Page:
Users can easily find web applications on the internet, with every user guaranteed access to the latest version, but web apps still fail to meet the user experience expectations set by native apps. Features such as push notifications and offline availability keep mobile users leaning towards native apps — but there is a new option that may shift this preference.
Progressive Web Applications (PWAs) bring the mobile web experience closer to a native experience. Google introduced the term PWA to describe web applications that provide an enhanced web experience with the use of service workers for offline capabilities and app availability on low-quality networks. There are several benefits of PWAs:
Offline capabilities provide a lot of control over the data that’s cached by using a service worker.
PWAs are safe because they’re only served via HTTPS to prevent snooping and to ensure content hasn't been tampered with.
The PWA manifest makes them discoverable, so search engines can easily find them.
PWAs use features like push notifications, and even allow users to install them on their home screen, to avoid searching in app stores.
All of these features have been implemented in popular browsers including Chrome, Firefox, and Edge, though Safari is lagging behind in this respect. But the big question remains, do all of the above features make PWAs enterprise-ready? Enterprises need to think about security, access control, compliance with privacy rules, along with containment and isolation of business data from personal data when the data is available for offline use. Also, enterprises need to deal with the management and provisioning aspects of deployment. Let’s looks at PWA features in depth and their readiness for the enterprise.
PWA Features and Enterprise Readiness
Progressive Development and Responsive Design
Developers have been using progressive development methodologies for years. It enables them to provide the best experience on fully-capable browsers and an acceptable experience on less-capable browsers. By using libraries like Modernizr that help detect browser features, developers can drive specific application behaviors, even for enterprise applications. And to ensure that the UI fits for different form factors, developers can use media queries, layouts, viewport, and other responsive design building blocks. There is really no new technology required specifically for PWAs.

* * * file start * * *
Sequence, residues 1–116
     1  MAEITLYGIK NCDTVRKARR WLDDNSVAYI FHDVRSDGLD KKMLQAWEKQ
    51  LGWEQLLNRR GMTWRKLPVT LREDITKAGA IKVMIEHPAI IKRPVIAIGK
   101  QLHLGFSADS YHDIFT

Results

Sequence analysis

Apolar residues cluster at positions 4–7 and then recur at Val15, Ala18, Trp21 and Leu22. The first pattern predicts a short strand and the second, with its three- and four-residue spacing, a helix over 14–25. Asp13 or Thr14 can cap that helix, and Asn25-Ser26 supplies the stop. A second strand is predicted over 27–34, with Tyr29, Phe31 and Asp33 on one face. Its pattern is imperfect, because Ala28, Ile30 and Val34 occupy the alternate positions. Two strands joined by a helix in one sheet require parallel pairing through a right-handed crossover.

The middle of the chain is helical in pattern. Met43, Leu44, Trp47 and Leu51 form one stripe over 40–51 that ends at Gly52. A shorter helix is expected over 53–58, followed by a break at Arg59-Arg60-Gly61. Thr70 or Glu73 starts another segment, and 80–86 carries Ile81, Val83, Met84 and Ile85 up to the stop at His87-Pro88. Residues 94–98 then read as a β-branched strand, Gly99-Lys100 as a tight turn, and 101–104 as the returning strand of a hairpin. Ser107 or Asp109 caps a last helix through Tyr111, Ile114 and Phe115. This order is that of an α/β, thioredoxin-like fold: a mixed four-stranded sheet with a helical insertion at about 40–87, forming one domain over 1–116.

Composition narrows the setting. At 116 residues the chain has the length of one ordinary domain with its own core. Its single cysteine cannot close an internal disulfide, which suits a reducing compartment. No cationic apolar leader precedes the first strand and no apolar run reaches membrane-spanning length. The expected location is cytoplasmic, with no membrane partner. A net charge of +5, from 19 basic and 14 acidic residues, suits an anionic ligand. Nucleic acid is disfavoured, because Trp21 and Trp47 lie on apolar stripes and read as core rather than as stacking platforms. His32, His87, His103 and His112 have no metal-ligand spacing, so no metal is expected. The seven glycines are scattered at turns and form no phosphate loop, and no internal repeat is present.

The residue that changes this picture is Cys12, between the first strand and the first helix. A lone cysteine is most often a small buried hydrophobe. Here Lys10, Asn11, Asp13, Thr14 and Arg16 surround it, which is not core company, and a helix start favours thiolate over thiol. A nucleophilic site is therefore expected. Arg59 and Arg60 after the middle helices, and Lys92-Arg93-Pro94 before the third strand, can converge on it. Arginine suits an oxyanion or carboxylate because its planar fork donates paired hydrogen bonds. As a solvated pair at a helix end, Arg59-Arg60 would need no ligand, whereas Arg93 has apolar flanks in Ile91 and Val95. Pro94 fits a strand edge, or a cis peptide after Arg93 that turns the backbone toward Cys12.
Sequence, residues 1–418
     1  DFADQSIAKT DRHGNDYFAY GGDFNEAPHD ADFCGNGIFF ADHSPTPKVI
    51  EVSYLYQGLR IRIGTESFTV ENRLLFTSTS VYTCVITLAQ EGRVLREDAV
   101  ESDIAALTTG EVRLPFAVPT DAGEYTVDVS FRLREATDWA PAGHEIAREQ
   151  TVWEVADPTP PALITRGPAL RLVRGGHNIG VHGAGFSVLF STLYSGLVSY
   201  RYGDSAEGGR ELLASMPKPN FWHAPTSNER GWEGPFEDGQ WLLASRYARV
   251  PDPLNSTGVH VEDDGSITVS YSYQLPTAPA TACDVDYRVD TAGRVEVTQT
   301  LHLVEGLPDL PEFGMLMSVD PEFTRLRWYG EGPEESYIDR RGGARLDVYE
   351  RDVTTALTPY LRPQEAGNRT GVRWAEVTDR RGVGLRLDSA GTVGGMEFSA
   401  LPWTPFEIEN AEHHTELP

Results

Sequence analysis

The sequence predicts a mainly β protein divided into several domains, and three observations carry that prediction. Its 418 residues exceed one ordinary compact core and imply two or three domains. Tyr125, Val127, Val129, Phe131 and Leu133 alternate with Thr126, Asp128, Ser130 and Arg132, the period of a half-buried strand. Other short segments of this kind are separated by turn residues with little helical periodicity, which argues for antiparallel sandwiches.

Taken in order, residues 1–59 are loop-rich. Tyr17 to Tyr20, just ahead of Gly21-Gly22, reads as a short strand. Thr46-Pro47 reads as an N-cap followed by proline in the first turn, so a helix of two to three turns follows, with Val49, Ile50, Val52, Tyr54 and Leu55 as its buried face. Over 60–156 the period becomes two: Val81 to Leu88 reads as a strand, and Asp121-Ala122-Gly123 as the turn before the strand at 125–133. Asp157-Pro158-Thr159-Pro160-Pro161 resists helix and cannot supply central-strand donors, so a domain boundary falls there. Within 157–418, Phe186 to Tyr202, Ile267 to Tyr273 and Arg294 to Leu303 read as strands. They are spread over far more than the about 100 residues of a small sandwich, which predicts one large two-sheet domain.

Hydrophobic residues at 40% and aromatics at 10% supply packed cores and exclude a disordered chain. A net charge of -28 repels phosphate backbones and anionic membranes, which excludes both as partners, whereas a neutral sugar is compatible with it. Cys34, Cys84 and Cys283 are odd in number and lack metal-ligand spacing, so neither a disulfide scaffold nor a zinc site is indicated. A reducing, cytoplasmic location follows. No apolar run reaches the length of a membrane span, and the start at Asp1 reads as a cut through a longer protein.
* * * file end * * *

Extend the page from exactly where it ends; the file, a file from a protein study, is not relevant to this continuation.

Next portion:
Network Independence and Freshness
Enterprises have been using HTML5 Application Cache and Web Storage technologies to improve the user experience on low network or no network connections. However, there are obvious issues with this approach that often lead to unrecoverable errors. The introduction of a new offline cache and Service Worker allow applications to locally store app assets and even the data for future use. In addition, the Application Shell Architecture helps segregate UI content from data and enables applications to load instantly, regardless of the network availability.
While web applications are known for their freshness (users can always access the latest version), past approaches of manifest caching are not sufficient to ensure that the new assets are always available to the browser. The Service Worker update process solves this issue as well.
Discoverability and Engagement
One of the best advantages of web apps is that users can discover them via search engines. The W3C manifest provides a great way to optimize discoverability by allowing applications to be exposed, categorized, and ranked efficiently for search engines. In the mobile world, push notifications have proven themselves to be the best way to increase user engagement. And now, new Web Push technology enables modern web applications to re-engage users with updates and new content, even if they aren’t looking at an application.
Installability and Native App-Like Experience
Web applications are typically accessed via an URL. Though the process is straightforward, revisiting URLs has been a significant issue for end users because they have to remember the URL (and re-type) or they have to pull the URL from the browser history or bookmark the URLs for future use.
With PWAs, the manifest allows users to add the application to the Home screen, which makes it super easy to re-launch an app, and the app opens in a native shell that doesn’t contain the URL bar. The manifest allows browsers to recognize web applications as installable apps and provide an experience similar to that of native apps.
Enterprise Security and Data Integrity
Although PWAs require the use of HTTPS for authentication, data integrity, and secrecy, there are some important choices that enterprise developers must make when building a PWA:
Additional security can be enforced by implementing Content Security Policies to identify legitimate sources of assets (images, etc.), and protect PWAs from attacks.
To remotely manage data sitting on a user's device, the cache can be named and a remote wipe method (invoked by the service worker) can be created.
A background synchronization can be implemented as a one-off or a periodic sync to ensure data integrity.
PWAs are promising and ensure that users get the best experience with web apps on mobile devices. We believe that the time is right for enterprises to start offering PWA support in their applications by addressing some of the identified gaps.